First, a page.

From the Journals

Vitamin D–binding protein polymorphisms affect HCV susceptibility



Two specific polymorphisms within the vitamin D–binding protein (VDBP) gene may contribute to susceptibility to hepatitis C virus (HCV) infection in a high-risk Chinese Han population, according to the results of a case-control study published in Gene.

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Previous research has indicated that vitamin D deficiency may have an impact on the antiviral response in chronic HCV, and VDBP has been shown to transport vitamin D and its metabolites, thereby influencing vitamin D status. This made VDBP a valid candidate for study as to its effects on HCV infection.

The current study initially recruited around 2,500 Chinese subjects over the period October 2008 to January 2016. The majority were women, and the average age of the subjects was 49-50 years.

The researchers genotyped seven genetic variants in the VDBP gene in 886 patients with HCV persistent infection, 539 subjects with spontaneous clearance, and 1,081 uninfected controls, according to Chao-Nan Xie of the department of epidemiology and biostatistics, Nanjing (China) Medical University, and colleagues.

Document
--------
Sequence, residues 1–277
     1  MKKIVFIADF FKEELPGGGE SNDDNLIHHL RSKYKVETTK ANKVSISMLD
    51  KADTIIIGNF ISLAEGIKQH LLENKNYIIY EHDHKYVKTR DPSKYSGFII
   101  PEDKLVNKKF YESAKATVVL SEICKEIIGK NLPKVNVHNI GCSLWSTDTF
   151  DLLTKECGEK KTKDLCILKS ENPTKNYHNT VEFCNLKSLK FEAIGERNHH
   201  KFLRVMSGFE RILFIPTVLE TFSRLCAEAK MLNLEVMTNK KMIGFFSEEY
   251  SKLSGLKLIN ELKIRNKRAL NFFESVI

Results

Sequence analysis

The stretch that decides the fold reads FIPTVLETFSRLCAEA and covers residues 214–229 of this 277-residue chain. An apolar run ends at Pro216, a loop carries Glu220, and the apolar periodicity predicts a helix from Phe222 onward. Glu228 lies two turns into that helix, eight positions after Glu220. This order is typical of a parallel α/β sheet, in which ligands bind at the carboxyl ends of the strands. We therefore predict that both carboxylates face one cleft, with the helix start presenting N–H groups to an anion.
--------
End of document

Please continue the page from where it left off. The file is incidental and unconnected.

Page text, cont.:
The researchers found that two variants (rs7041-G and rs3733359-T alleles) were significantly associated with an increased susceptibility of HCV infection. In addition, the combined effect of having the two unfavorable alleles was related to an elevated risk of HCV infection in a locus-dosage manner (P = .000816).

Haplotype analysis suggested that the GT haplotype showed an increased risk effect of HCV infection (odds ratio, 1.464), compared with the most frequent TC haplotype.

“Taken together, polymorphisms within the VDBP gene (rs4588 and rs3733359) may contribute to susceptibility to HCV infection in a high-risk Chinese Han population, which implicates a role of VDR genetic polymorphisms and vitamin D levels in the immune regulation and course of HCV infection,” the researchers concluded.

The authors reported that they had no conflicts of interest.

SOURCE: Xie C-N et al. Gene 2018;679:405-11.

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